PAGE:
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Special Issue "Molecular Self-Assembly 2011"

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A special issue of International Journal of Molecular Sciences (ISSN 1422-0067). This special issue belongs to the section "Molecular Recognition".

Deadline for manuscript submissions: closed (30 June 2011)

Special Issue Editor

Guest Editor
Prof. Dr. Jurriaan Huskens (Website)

Molecular Nanofabrication Group, MESA+ Institute for Nanotechnology, University of Twente, TNW/MNF, PO Box 217, 7500AE Enschede, The Netherlands
Fax: +31 53 4894645
Interests: host-guest chemistry; cyclodextrins; multivalency; supramolecular surface chemistry; supramolecular materials; nanolithography; soft lithography

Special Issue Information

Dear Colleagues,

Self-assembly provides a unique paradigm to obtain complex and functional molecular architectures in a spontaneous process from small building blocks. These building blocks are designed and preprogrammed with information which ensures the proper thermodynamic and structural properties of the resulting assembly. Essential features are therefore the tuning of inter- (and sometimes intra-) molecular interactions, the collective behavior of multiple interactions (multivalency, cooperativity), reversibility (potentially triggered by external stimuli) which allows error correction, and the expression of a function of the final assembly.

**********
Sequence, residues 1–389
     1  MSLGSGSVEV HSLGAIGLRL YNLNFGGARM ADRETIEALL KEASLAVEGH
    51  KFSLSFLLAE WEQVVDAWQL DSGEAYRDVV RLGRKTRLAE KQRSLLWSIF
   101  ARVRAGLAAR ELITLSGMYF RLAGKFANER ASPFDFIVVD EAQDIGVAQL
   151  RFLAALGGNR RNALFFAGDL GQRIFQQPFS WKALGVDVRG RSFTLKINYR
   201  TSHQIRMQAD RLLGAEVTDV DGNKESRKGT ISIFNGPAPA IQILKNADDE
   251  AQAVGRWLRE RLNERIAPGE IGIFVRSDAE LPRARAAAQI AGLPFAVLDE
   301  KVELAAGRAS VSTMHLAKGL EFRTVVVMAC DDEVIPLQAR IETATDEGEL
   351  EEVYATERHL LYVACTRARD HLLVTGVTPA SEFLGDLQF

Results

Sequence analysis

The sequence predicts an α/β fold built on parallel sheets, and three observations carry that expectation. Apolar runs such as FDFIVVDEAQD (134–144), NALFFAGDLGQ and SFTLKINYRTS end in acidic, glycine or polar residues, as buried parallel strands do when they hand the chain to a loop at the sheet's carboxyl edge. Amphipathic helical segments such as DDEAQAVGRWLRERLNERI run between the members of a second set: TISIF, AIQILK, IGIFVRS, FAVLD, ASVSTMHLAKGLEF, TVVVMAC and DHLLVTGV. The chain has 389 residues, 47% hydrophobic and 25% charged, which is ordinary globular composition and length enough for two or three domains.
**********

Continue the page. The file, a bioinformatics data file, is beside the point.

Self-assembly at surfaces can be particularly rewarding since the inherent immobilization and positioning allow characterization by surface analytical, amongst others single molecule, techniques and potential embedding in a device structure. Surfaces and interfaces play an ever larger role in supramolecular chemistry as this establishes the eminent position of supramolecular chemistry as a key enabler in nanotechnology.

The 2011 issue on molecular self-assembly invites the submission of papers on molecular self-assembly in the widest possible sense, ranging from solution systems to the assembly on surfaces and the application-oriented use of assembly in nanotechnology.

Prof. Dr. Jurriaan Huskens
Guest Editor

Keywords

  • self-assembly
  • supramolecular chemistry
  • nanotechnology
  • interfacial assembly
  • cooperativity
  • multivalency
  • dynamics

Related Special Issue

Published Papers (10 papers)

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Research

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Open AccessArticle A Supramolecular Sensing Platform for Phosphate Anions and an Anthrax Biomarker in a Microfluidic Device